“More Americans died from firearms in the last 50 years than in all of the wars in American history. Since 1968, more than 1.5 million Americans have died in gun-related incidents, according to data from the U.S. Centers for Disease Control and Prevention (CDC). By comparison, approximately 1.2 million service members have been killed in every war in U.S. history, according to estimates from the Department of Veterans Affairs and iCasualties.org.” (Chelsea Bailey, 10-04-17)
In February, 45 of the largest medical, legal and injury-prevention organizations in the U.S. came together for an inaugural medical summit on firearm injury prevention. They reached a historic agreement to recognize firearm violence as a public health crisis in the U.S. and supported a comprehensive public health approach to solve it. They postulated that immediate steps can be taken toward a public health approach to the firearm crisis. We must change the conversation from a polarized debate about “gun control” to a common effort to address “firearm injury prevention.” We must approach firearm deaths and injuries as a public health problem instead of a political problem. Finally more investment in research is needed to better understand and more effectively address the epidemic of violence caused by firearms.
The Dickey Amendment has prevented research into gun violence needed to set policies and laws. This amendment is a 1996 provision which mandated that none of the funds made available for injury prevention and control at the CDC may be used to advocate or promote gun policies. The amendment was lobbied for by the National Rifle Association.
In California, research into various aspects of gun violence has been conducted by Garen J. Wintemute, an emergency medicine physician at UC Davis Medical Center. Wintemute is the director of the Violence Prevention Research Program (VPRP), a multi-disciplinary program of research and policy development at the University of California, Davis. Thirty years ago this program began to develop a public health approach to firearm violence.
Before Wintemute received a California grant, he spent over $1 million of his own money to do research on gun violence. He was appointed director of California’s gun violence research center, the first state-funded effort of its kind. The Firearm Violence Research Center opened at UC Davis in 2017, with $5 million in California government dollars to use over five years. Wintemute conducts research in the fields of injury epidemiology and the prevention of firearm violence.
Trauma surgeons with more than 60 years of collective experience caring for victims of firearm violence are experiencing largest wave of mass firearm violence in modern history in America. Political battles over “gun control” rage on, resulting in no meaningful actions to reduce firearm injuries and deaths.
A solution to this impasse is exemplified by a public health approach to the prevention of death and disability from motor vehicle crashes. In 2017 — for the first time — deaths in the U.S. from firearms surpassed those from motor vehicle crashes. The reduction in automobile fatalities required significant investment in research to develop the most effective interventions along with substantial effort by the medical and public health community.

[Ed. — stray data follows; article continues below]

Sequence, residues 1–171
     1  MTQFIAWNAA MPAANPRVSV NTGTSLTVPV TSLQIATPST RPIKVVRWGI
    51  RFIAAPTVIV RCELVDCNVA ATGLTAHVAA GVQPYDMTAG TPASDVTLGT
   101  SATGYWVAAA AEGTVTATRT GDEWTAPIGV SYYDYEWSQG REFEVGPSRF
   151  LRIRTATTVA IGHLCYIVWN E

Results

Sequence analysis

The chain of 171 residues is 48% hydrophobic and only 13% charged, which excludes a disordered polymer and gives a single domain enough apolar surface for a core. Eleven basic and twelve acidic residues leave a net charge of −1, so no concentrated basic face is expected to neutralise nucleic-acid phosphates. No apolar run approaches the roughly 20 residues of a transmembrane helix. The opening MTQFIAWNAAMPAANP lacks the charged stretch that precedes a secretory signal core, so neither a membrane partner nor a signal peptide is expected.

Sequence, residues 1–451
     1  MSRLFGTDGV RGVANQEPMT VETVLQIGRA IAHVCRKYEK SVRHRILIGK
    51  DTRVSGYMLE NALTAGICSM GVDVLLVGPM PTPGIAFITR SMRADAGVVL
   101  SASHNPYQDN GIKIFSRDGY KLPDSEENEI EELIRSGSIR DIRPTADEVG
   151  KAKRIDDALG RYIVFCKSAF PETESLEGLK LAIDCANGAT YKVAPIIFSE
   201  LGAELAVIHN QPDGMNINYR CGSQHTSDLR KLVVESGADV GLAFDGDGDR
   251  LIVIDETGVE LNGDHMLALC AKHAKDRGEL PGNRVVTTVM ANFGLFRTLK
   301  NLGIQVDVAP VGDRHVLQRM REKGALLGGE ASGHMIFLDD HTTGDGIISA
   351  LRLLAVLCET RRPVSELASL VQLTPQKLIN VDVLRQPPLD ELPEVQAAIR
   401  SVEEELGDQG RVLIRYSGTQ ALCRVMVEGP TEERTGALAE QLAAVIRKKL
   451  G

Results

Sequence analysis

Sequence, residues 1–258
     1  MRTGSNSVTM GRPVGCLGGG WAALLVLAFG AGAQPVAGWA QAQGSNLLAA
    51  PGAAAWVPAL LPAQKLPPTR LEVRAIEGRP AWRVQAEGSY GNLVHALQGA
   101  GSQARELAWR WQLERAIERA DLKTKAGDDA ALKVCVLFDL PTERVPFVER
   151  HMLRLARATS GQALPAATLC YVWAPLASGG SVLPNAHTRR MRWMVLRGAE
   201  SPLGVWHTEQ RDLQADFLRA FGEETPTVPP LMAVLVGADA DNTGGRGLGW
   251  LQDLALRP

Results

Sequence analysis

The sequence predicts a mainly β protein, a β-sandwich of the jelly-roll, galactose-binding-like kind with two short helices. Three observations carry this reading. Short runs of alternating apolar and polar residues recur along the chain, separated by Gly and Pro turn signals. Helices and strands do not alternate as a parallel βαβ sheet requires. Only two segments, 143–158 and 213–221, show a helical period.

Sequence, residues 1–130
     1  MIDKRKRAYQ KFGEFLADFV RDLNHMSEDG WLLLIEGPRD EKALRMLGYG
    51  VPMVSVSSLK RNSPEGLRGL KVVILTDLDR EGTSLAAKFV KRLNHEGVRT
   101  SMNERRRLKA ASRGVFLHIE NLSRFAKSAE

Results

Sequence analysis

Using the example of the public health approach, similar progress is possible to reduce firearm deaths and injuries. It requires working together across political divisions to make firearm ownership as safe as possible, while also working to understand and address the root causes of violence.
About 60 percent of all gun deaths in the U.S. are suicides. The other reasons for firearm deaths are — assault, unintentional injury (such as children with access to unsecured, loaded firearms) and mass violence with a firearm. Motor vehicle deaths have been on a steady decline using proven public health-based injury prevention strategies. As a society, we recognized the problem and committed to addressing it at both federal and state levels. We have made automobiles safer and improved roadway design. Necessary automobile safety legislation was enacted. And now necessary firearm legislation clearly must be addressed: universal background checks, banning assault weapons and large capacity magazines, all of which have majority public support. A public health model is the only approach to reducing firearm violence which would recognize the need to develop interventions that address firearm violence and help reduce deaths and injuries.
The Coalition Against Gun Violence 24th Annual Celebration, “Doctors ‘In Their Lane’ Saving Lives” takes place Sunday, September 29, 2019 at the Santa Barbara featuring three keynote speakers and first responders from Cottage Hospital Doctors, Robert Kanard, MD, Sara Nimmons, MD and Jason Prystowsky, MD who will share their stories as witnesses to firearm injuries. For tickets and reservations, see sbcoalition.org.
Ref: Los Angeles Times 9-13-19 article by Eileen M. Bulger, professor of surgery, University of Washington School of Medicine and chair of the American College of Surgeons Committee on Trauma. Ronald M. Stewart, chair, Department of Surgery of UT Health in San Antonio, Texas, and medical director of trauma programs at the American College of Surgeons.
Toni Wellen is chair of the Coalition Against Gun Violence.